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FMLA, Time Off, and HR not being clear with me Pennsylvania

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  • FMLA, Time Off, and HR not being clear with me Pennsylvania

    I filed for FMLA last Feb. because I have bipolar and anxiety, which at times can cause me not to be able to work! They approved the FMLA and I took i think a month and a half off from last February! Well I was told by HR, that if I took off for any other reason (outside FMLA) I would need a doctors note to return to work. Which was fine I had no problem with that! Then when I had to get my FMLA renewed by my doctor, they told me they would not accept my Docs notes until I had the paper work handed into them!
    So I did, and since October of 08, i have had a few excessive absences, due to my fiance' having surgeries, children being sick, and myself being Ill, and injuring my back. I returned to work every time with a doctors note, and now they are telling me that I am suspended for 3 days, because of my absences. Now I am really frustrated, because I know absences are really not a good thing at a job, especially alot of them! But HR never told me about that part of it, basically all they said, is if I had my FMLA filled out, my job was protected irreguardless of wether I took off my mental health or other reasons, and as long as I had a note! and now they are basically turning it around and saying they never said that to me!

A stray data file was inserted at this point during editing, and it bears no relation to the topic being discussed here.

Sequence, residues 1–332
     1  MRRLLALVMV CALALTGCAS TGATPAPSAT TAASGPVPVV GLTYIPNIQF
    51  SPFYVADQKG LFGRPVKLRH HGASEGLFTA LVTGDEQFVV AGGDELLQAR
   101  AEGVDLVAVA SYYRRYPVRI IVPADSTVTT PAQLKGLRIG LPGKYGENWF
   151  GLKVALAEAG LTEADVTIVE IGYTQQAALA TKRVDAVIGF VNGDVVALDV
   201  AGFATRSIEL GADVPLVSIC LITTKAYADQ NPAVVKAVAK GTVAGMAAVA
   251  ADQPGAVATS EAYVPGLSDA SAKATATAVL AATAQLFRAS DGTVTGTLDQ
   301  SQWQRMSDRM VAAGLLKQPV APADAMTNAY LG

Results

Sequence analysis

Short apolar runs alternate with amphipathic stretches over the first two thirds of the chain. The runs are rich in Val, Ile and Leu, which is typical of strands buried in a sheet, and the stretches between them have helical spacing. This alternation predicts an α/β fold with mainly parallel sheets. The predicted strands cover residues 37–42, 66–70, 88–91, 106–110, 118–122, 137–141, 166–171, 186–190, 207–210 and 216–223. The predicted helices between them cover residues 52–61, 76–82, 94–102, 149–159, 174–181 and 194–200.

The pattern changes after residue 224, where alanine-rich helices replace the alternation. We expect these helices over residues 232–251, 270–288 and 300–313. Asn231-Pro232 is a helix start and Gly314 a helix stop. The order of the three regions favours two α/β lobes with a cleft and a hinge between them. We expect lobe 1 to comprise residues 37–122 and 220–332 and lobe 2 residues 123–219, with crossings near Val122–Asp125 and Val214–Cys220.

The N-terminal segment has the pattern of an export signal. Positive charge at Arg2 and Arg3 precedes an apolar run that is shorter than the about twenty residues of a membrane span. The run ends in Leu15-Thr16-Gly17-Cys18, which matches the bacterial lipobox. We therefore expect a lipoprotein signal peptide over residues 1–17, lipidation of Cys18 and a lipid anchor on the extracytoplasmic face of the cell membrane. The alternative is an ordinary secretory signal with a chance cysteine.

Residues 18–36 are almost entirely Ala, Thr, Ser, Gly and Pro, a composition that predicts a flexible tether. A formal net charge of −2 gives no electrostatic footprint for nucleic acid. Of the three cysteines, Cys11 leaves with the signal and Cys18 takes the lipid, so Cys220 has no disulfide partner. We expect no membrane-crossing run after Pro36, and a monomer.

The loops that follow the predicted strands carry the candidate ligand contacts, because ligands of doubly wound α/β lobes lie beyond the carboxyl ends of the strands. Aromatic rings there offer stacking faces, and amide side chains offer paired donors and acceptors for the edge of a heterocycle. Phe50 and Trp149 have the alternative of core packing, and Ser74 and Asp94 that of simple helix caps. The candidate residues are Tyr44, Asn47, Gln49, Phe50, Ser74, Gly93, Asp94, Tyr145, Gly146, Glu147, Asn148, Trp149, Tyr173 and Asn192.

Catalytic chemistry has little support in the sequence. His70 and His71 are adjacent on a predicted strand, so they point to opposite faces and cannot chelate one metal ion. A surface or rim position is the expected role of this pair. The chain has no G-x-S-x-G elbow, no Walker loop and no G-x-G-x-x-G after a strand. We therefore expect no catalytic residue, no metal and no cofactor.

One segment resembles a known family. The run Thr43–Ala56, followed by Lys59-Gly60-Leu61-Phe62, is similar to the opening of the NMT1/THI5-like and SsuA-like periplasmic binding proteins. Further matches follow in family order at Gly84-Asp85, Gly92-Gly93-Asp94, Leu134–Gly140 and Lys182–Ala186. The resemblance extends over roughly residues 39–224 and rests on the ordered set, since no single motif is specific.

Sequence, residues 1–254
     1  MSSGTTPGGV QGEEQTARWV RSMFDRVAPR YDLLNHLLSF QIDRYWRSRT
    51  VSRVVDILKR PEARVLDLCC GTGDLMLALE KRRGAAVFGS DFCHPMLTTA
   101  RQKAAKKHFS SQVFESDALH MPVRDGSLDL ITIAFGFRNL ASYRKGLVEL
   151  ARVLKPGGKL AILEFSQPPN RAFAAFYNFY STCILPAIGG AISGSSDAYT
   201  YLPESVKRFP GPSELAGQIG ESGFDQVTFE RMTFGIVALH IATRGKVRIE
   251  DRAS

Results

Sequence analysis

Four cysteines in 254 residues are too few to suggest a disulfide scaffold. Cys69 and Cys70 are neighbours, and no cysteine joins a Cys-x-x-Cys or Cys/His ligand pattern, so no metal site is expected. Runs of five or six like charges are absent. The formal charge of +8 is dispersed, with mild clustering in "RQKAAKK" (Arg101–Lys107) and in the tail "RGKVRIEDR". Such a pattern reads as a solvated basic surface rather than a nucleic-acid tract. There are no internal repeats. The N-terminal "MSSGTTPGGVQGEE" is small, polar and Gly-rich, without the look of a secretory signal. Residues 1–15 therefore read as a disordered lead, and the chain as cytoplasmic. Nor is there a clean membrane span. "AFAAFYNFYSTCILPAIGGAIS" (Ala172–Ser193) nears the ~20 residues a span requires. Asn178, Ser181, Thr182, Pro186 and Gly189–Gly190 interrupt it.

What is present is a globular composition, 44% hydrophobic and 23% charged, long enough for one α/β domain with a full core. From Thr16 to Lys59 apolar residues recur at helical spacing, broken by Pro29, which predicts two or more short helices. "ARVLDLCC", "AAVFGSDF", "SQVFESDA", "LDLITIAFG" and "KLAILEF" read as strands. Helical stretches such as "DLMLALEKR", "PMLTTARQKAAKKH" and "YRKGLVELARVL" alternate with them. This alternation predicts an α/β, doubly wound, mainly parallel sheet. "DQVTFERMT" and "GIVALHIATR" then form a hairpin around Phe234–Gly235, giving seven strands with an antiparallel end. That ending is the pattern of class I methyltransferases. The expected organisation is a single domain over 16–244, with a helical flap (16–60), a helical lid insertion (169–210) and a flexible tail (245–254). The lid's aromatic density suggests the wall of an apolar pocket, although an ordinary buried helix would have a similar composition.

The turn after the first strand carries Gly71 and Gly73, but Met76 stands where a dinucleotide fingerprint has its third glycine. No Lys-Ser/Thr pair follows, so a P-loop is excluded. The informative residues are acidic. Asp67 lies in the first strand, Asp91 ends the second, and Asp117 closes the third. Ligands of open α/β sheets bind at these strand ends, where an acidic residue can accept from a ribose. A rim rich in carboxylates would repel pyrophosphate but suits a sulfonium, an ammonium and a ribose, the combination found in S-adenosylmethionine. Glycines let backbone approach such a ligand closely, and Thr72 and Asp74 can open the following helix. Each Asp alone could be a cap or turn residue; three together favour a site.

I know Docotors notes really hold no ground, they are more a proven statement of why you were out. But why would my HR dept. tell me just to have a doc note, and everything would be ok...if in reality it wasn't!
    And is there anything I can do about it, if anything like term. were to come out of it!

    Thanks Everyone!

  • #2
    Just because they told you they would need a doctor's note for non-FMLA related absences & you brought one in doesn't mean they can't count the absences against you. "Excess" absences outside of your FMLA can be grounds for discipline -whatever the employer decides that might be. I don't see where your employer did anything wrong.

    Only FMLA absences are job protected.
    Too often we underestimate the power of a touch, a smile, a kind word, a listening ear, an honest compliment, or the smallest act of caring, all of which have the potential to turn a life around. Leo Buscaglia

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